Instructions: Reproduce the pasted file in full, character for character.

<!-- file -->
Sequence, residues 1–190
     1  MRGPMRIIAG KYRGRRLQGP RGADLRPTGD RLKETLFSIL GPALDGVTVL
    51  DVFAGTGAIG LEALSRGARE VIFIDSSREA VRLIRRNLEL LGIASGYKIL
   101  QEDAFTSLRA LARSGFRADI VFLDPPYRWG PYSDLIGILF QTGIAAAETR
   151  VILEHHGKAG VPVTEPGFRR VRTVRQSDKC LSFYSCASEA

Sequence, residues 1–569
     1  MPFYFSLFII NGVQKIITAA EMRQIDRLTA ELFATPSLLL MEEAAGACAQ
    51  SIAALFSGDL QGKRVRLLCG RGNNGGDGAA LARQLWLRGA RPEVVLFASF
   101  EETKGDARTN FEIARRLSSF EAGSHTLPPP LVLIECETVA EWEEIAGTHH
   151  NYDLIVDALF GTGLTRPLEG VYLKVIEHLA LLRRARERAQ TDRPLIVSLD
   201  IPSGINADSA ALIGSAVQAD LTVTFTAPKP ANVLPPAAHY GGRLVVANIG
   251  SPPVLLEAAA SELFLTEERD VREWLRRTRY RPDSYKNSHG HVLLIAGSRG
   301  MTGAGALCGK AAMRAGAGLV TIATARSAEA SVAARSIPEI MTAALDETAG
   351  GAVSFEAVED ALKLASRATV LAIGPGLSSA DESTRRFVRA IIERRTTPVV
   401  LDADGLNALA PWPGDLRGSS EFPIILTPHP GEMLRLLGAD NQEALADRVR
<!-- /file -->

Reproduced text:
Sequence, residues 1–190
     1  MRGPMRIIAG KYRGRRLQGP RGADLRPTGD RLKETLFSIL GPALDGVTVL
    51  DVFAGTGAIG LEALSRGARE VIFIDSSREA VRLIRRNLEL LGIASGYKIL
   101  QEDAFTSLRA LARSGFRADI VFLDPPYRWG PYSDLIGILF QTGIAAAETR
   151  VILEHHGKAG VPVTEPGFRR VRTVRQSDKC LSFYSCASEA

Sequence, residues 1–569
     1  MPFYFSLFII NGVQKIITAA EMRQIDRLTA ELFATPSLLL MEEAAGACAQ
    51  SIAALFSGDL QGKRVRLLCG RGNNGGDGAA LARQLWLRGA RPEVVLFASF
   101  EETKGDARTN FEIARRLSSF EAGSHTLPPP LVLIECETVA EWEEIAGTHH
   151  NYDLIVDALF GTGLTRPLEG VYLKVIEHLA LLRRARERAQ TDRPLIVSLD
   201  IPSGINADSA ALIGSAVQAD LTVTFTAPKP ANVLPPAAHY GGRLVVANIG
   251  SPPVLLEAAA SELFLTEERD VREWLRRTRY RPDSYKNSHG HVLLIAGSRG
   301  MTGAGALCGK AAMRAGAGLV TIATARSAEA SVAARSIPEI MTAALDETAG
   351  GAVSFEAVED ALKLASRATV LAIGPGLSSA DESTRRFVRA IIERRTTPVV
   401  LDADGLNALA PWPGDLRGSS EFPIILTPHP GEMLRLLGAD NQEALADRVR